Diagnostic Laboratory Tests
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Diagnosis of HIV infection is primarily made through the use of serologic assays. These assays take one of two forms: antibody detection assays and specific HIV antigen (p24) procedures. The antibody assays are usually enzyme immunoassays (EIA) which are used to confirm exposure of an individual's immune system to specific viral antigens. These assays may be formatted to detect HIV-1, HIV-2, or HIV-1 and 2 simultaneously and to detect both IgM and IgG. When the initial EIA test is repeatedly positive or indeterminant, an alternative test is used to confirm the specificity of the antibodies to individual viral components. The most commonly used method is the Western Blot.
The HIV-1 core antigen (p24) test detects circulating viral antigen which may be found prior to the development of antibodies and may also be present in later stages of illness in the form of recurrent or persistent antigenemia. Its prognostic utility in HIV infection has been diminished as a result of development of sensitive viral RNA assays, and its primary use today is as a routine screening tool in potential blood donors.
In several unique situations, serologic testing alone may not reliably establish an HIV infection. This may occur because the antibody response (particularly the IgG response detected by Western Blot) has not yet developed (that is, acute retroviral syndrome), or is persistently equivocal because of inherent viral antigen variability. It is also an issue in perinatal HIV infection due to transplacental passage of maternal HIV antibody. In these situations, laboratory evidence of HIV in blood by culture, antigen assays, or proviral DNA or viral RNA assays, is required to establish a definitive determination of HIV infection.
Indications and Limitations of Coverage
Diagnostic testing to establish HIV infection may be indicated when there is a strong clinical suspicion supported by one or more of the following clinical findings:
- The patient has a documented, otherwise unexplained, AIDS-defining or AIDS-associated opportunistic infection.
- The patient has another documented sexually transmitted disease which identifies significant risk of exposure to HIV and the potential for an early or subclinical infection.
- The patient has documented acute or chronic hepatitis B or C infection that identifies a significant risk of exposure to HIV and the potential for an early or subclinical infection.
- The patient has a documented AIDS-defining or AIDS-associated neoplasm.
- The patient has a documented AIDS-associated neurologic disorder or otherwise unexplained dementia.
- The patient has another documented AIDS-defining clinical condition, or a history of other severe, recurrent, or persistent conditions which suggest an underlying immune deficiency (for example, cutaneous or mucosal disorders).
- The patient has otherwise unexplained generalized signs and symptoms suggestive of a chronic process with an underlying immune deficiency (for example, fever, weight loss, malaise, fatigue, chronic diarrhea, failure to thrive, chronic cough, hemoptysis, shortness of breath, or lymphadenopathy).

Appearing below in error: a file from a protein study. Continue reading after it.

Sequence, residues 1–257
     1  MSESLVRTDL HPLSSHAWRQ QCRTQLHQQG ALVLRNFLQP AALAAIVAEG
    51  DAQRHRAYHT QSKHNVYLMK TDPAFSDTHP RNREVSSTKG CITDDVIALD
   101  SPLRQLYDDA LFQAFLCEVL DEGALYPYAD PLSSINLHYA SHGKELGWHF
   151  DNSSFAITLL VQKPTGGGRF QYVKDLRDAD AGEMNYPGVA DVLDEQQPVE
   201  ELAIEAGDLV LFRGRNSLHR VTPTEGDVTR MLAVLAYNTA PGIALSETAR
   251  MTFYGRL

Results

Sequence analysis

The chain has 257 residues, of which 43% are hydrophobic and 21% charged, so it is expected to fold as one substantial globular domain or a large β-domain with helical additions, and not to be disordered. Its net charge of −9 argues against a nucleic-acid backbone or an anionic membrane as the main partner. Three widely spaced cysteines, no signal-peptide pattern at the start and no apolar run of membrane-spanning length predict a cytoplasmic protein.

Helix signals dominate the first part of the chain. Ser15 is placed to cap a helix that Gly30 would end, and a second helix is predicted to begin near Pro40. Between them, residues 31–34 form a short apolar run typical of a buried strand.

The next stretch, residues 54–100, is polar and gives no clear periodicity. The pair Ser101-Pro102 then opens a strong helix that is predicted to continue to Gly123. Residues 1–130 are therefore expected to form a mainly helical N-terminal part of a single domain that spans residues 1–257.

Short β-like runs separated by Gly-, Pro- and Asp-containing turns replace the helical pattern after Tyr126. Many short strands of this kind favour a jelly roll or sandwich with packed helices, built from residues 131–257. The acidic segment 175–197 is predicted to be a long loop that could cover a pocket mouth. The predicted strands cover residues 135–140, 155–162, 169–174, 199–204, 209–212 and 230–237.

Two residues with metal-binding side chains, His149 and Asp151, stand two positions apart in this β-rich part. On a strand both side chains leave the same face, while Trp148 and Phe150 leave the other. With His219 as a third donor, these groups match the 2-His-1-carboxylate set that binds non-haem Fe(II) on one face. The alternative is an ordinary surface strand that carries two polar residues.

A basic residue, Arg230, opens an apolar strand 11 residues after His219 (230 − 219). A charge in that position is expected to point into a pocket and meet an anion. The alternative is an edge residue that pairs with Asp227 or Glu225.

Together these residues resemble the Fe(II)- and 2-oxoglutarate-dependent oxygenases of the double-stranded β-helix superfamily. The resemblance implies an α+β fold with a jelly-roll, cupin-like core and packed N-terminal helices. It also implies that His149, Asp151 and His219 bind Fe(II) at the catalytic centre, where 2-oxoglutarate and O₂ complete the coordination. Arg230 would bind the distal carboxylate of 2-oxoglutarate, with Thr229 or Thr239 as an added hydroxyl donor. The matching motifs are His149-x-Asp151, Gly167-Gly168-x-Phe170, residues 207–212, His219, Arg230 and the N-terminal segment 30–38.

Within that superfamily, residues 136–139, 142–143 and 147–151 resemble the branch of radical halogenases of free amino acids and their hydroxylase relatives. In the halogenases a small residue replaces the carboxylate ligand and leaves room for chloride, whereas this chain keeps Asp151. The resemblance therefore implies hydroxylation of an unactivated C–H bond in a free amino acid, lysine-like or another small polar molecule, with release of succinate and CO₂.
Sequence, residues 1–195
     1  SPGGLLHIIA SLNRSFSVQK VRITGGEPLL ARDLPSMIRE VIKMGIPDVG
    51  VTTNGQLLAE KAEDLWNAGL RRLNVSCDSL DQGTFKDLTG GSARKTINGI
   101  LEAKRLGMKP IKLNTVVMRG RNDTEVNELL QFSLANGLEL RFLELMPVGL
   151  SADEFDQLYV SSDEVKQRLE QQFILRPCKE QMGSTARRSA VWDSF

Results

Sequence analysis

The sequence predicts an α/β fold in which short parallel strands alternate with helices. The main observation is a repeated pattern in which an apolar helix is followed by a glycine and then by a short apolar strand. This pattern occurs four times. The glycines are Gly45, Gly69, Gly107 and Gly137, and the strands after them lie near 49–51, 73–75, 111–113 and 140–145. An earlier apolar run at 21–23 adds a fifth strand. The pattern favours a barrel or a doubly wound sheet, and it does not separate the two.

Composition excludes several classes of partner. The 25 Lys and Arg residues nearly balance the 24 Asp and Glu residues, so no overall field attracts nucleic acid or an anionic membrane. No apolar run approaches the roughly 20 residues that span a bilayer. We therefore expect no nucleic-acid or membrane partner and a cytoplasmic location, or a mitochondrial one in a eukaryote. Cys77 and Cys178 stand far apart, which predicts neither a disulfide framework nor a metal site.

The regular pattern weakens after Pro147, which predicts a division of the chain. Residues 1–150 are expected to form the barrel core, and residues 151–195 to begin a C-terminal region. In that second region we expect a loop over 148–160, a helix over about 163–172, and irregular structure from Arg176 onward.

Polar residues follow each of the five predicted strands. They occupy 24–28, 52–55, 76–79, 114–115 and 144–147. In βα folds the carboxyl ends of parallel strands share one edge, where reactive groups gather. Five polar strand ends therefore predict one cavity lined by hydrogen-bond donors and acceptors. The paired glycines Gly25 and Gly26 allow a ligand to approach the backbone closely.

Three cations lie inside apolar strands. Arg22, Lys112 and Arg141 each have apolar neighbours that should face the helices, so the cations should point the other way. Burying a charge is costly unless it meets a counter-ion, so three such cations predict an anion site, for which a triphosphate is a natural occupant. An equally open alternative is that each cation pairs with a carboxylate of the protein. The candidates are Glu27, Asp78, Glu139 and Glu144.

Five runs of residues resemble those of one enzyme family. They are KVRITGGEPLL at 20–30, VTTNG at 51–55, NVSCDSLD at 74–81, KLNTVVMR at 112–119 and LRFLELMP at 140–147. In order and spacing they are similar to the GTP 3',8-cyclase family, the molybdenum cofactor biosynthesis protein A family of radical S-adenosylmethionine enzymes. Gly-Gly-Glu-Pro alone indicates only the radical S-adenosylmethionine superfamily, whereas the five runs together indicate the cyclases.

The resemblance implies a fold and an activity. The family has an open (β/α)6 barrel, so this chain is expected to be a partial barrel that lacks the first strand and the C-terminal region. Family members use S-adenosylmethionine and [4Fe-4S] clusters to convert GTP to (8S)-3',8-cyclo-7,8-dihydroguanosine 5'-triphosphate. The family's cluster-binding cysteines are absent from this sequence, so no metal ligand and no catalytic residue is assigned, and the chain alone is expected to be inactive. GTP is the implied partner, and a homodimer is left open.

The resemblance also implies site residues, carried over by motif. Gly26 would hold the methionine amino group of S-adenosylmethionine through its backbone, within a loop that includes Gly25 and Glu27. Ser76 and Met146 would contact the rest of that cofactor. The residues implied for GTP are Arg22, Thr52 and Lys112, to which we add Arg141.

- The patient has otherwise unexplained laboratory evidence of a chronic disease process with an underlying immune deficiency (for example, anemia, leukopenia, pancytopenia, lymphopenia, or low CD4+ lymphocyte count).
- The patient has signs and symptoms of acute retroviral syndrome with fever, malaise, lymphadenopathy, and skin rash.
- The patient has documented exposure to blood or body fluids known to be capable of transmitting HIV (for example, needle sticks and other significant blood exposures) and antiviral therapy is initiated or anticipated to be initiated.
- The patient is undergoing treatment for rape. (HIV testing is a part of the rape treatment protocol.)
- HIV antibody testing in the United States is usually performed using HIV-1 or HIV-½ combination tests. HIV-2 testing is indicated if clinical circumstances suggest HIV-2 is likely (that is, compatible clinical findings and HIV-1 test negative). HIV-2 testing may also be indicated in areas of the country where there is greater prevalence of HIV-2 infections.
- The Western Blot test should be performed only after documentation that the initial EIA tests are repeatedly positive or equivocal on a single sample.
- The HIV antigen tests currently have no defined diagnostic usage.
- Direct viral RNA detection may be performed in those situations where serologic testing does not establish a diagnosis but strong clinical suspicion persists (for example, acute retroviral syndrome, nonspecific serologic evidence of HIV, or perinatal HIV infection).
- If initial serologic tests confirm an HIV infection, repeat testing is not indicated.
- If initial serologic tests are HIV EIA negative and there is no indication for confirmation of infection by viral RNA detection, the interval prior to retesting is 3-6 months.
- Testing for evidence of HIV infection using serologic methods may be medically appropriate in situations where there is a risk of exposure to HIV.
- The CPT Editorial Panel has issued a number of codes for infectious agent detection by direct antigen or nucleic acid probe techniques that have not yet been developed or are only being used on an investigational basis. Laboratory providers are advised to remain current on FDA-approval status for these tests.
Note: Scroll down for links to the quarterly Covered Code Lists (including narrative).
Also see the Medicare Claims Processing Manual
, Chapter 120, Clinical Laboratory Services Based on Negotiated Rulemaking.